Under the Covers: Mud, Sweat and Tears by Bear Grylls
In my Under the Covers book series, I will rate each book based on its “Life Wisdom” value (from 1 to 5 wise owls). I will review books that inspire, motivate and teach life lessons. Some of our greatest wisdom comes from those whose journeys may be quite different from our own.
When we escape into their world, we can learn from their trials, tactics, and courage. Through their wisdom, we add to our own.
Discovery Channel knew they had a live one when they put Man vs. Wild on the air. When I say “live one” I’m not talking about Bear Grylls, the rugged, chiseled hero of the show who could climb mountains with dental floss if he put his mind to it. I’m referring to live snakes, wildebeests, scorpions, alligators, and crawly creatures!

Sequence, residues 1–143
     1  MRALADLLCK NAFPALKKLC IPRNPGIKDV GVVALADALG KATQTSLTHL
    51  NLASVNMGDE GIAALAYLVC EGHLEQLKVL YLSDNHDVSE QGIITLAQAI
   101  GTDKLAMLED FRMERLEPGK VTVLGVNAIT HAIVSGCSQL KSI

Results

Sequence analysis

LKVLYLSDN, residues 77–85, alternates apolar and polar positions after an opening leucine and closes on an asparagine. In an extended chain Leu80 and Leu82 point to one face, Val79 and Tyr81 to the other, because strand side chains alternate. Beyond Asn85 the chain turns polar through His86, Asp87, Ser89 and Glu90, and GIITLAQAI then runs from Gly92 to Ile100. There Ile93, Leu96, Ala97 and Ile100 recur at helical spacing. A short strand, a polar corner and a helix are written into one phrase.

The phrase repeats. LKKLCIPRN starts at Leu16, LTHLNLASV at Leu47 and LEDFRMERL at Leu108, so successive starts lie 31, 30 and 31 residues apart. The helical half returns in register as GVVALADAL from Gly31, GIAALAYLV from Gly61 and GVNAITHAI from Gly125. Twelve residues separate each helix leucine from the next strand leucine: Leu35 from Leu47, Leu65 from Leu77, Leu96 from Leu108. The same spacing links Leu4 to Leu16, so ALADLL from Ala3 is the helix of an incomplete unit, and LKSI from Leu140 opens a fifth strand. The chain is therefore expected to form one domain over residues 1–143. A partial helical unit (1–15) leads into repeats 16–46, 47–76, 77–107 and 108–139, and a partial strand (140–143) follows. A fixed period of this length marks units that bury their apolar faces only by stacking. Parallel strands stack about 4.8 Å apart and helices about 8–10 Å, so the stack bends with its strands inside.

Who doesn’t love a guy who can eat a grub worm as a snack like we would eat a cheeto?! Ulchkkk! I can’t bear to watch Bear eat a bear but I can’t turn my back either. Must be my addictive tendency to say to myself, “Could I do that if I HAD to?” Always kept this curious spectator coming back for more!
Tales of the survivor, the conqueror, and the determined have always been by favorite genre. So I couldn’t wait to download Bear Grylls new autobiography, Mud, Sweat and Tears.
If you are looking for a “behind the scenes” look into the production of the hugely popular, Man vs. Wild, television show, you’ll be disappointed. This book captures Bear Grylls early days and what molded him into this ultimate Boy Scout, adventurer, and maggot-eating Hercules.